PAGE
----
The Singularity is a New Renaissance

“The Singularity started in the 80’s and is now streaming live to your neighborhood!  Take a deep breath and enjoy the ride!” – Steamwonk

We’ve entered a New Renaissance–Why believe we’ve entered a New Renaissance at this time? What led to the Medieval Renaissance? Other than technology itself, there is little to distinguish us from our Medieval brethren as they faced their new age. The Crusades brought diverse concepts and cultures in direct conflict with one another. Access to the far east was bringing new goods, technology, and ideas. It must have been hard for individuals to adapt and absorb all the new information. Fear and resistance to the changing ideas was assuredly common. Any threat to the status quo was a threat to those with power, position, and money. Those human characteristics have not changed.

Those same forces will, and are now, attempting to slow the pace of innovation. But too late, Schrödinger’s cat is out of the box–and he’s feelin’ frisky!

Our Technological Renaissance, our Singularity, which is sometimes called the Vinge Singularity, is the result of three factors which we share with our medieval brethren:

  1. A pool of educated scientists and scholars(data density). Then it was wealthy nobles patronizing artists and alchemists whose communications with colleagues were painfully slow. Now it’s a huge, world-wide, educated populace with rapid access to data, and the analyses and communication tools to take advantage of that access.
  2. Increased speed of communication(data velocity). In those times it was the printing press. In the mid 1980’s we created the internet.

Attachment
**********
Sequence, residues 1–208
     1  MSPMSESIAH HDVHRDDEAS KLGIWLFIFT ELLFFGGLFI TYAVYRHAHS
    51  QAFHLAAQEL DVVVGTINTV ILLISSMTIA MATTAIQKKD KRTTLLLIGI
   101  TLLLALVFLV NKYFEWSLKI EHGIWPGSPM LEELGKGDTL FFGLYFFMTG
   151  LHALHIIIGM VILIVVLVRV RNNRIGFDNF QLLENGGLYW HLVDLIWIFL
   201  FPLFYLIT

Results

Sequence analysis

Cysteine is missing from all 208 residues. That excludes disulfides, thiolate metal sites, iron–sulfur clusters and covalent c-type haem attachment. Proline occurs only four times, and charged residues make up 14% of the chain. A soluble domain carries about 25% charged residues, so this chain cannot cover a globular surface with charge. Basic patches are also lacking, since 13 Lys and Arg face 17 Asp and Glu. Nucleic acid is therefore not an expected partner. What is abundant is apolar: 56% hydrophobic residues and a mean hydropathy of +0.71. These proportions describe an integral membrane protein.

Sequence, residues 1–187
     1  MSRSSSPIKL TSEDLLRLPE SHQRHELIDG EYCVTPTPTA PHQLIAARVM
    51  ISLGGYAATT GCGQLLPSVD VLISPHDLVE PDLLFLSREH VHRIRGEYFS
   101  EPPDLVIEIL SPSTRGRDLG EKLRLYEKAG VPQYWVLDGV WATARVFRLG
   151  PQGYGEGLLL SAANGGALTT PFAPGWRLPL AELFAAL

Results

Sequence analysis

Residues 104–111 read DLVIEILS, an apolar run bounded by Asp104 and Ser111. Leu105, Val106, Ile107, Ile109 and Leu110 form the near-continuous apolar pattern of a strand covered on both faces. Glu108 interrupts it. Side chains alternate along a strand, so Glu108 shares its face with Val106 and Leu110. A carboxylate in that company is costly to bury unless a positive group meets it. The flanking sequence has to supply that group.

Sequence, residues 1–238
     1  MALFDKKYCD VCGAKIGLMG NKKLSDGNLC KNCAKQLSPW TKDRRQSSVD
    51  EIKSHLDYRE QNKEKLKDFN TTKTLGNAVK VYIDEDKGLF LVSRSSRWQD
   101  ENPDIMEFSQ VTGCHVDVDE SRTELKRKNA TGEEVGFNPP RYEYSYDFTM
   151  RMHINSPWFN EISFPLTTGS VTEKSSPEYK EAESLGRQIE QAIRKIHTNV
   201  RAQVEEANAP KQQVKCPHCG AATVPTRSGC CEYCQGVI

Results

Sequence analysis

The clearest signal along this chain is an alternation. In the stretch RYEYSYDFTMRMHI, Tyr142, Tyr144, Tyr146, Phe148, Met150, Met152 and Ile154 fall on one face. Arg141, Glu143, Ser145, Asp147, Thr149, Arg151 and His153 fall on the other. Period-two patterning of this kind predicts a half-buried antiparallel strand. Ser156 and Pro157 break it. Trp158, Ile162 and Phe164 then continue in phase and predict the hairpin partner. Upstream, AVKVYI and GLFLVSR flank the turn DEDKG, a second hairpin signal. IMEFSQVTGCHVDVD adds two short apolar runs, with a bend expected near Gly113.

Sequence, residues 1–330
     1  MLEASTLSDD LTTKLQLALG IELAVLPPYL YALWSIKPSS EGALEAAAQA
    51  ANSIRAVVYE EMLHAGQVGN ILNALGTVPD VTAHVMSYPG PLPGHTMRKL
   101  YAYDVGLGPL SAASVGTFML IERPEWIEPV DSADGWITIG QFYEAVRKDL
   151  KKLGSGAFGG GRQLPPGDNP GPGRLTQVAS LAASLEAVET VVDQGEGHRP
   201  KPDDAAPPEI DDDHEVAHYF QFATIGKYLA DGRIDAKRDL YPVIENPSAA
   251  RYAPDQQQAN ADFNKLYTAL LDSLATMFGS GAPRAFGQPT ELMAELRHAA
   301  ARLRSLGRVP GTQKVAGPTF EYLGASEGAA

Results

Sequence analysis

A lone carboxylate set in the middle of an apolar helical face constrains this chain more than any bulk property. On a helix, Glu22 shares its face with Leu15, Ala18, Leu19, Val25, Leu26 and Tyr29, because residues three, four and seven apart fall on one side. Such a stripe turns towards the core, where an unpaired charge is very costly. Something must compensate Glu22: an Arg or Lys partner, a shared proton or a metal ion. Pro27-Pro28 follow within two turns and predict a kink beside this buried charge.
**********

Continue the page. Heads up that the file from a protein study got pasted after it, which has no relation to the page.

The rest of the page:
3. Spreading of new ideas (data acceleration). In medieval times it was soldiers returning to Europe from the Crusades with new ideas. Today we have social media and open sources for data and information. In 2004, Facebook and Open Knowledge ( were launched, in2006, LinkedIn. Open data, open knowledge, open research, and online publications from all scientific fields are an internet connection away. Today free data, free software, free training, and low-cost internet are widely accessible.[Ian Graber-Stiehl wrote a nice piece a couple of years ago in the Verge discussing the provenance of open access research and copyright issues(offsite link):

Data density and flow rates have exploded over the past three decades. Just as the printing press and new knowledge from the East fueled the Medieval Renaissance, internet and social connectivity tools are doing the same for this New Renaissance, and at a much faster pace. We have seen computing and data transform our civilizations, and that’s only the tip of the iceberg. The hidden behemoths of change are physics and material science. Where we saw the internet and smartphones pave the way, with computer programming blossoming in their wake–now we will see physics and material science use 3D printing and distributed design and manufacturing to fuel explosive growth. And sooner than we might have imagined.

It’s easy to see the link between the printing press and the internet in creating a new renaissance. The ability to access significantly new and more detailed information rapidly, easily and cheaply is incredibly favorable for rapid technical advance. But whereas the printing press came into gradual use over more than one generation, the internet sprang onto the stage in less than a generation, connecting almost everyone on the planet. Where the first renaissance brought people some new ideas and what seemed to them rapid change, this time the information is a flood and the change will be over the span of two generations, not 100’s of years.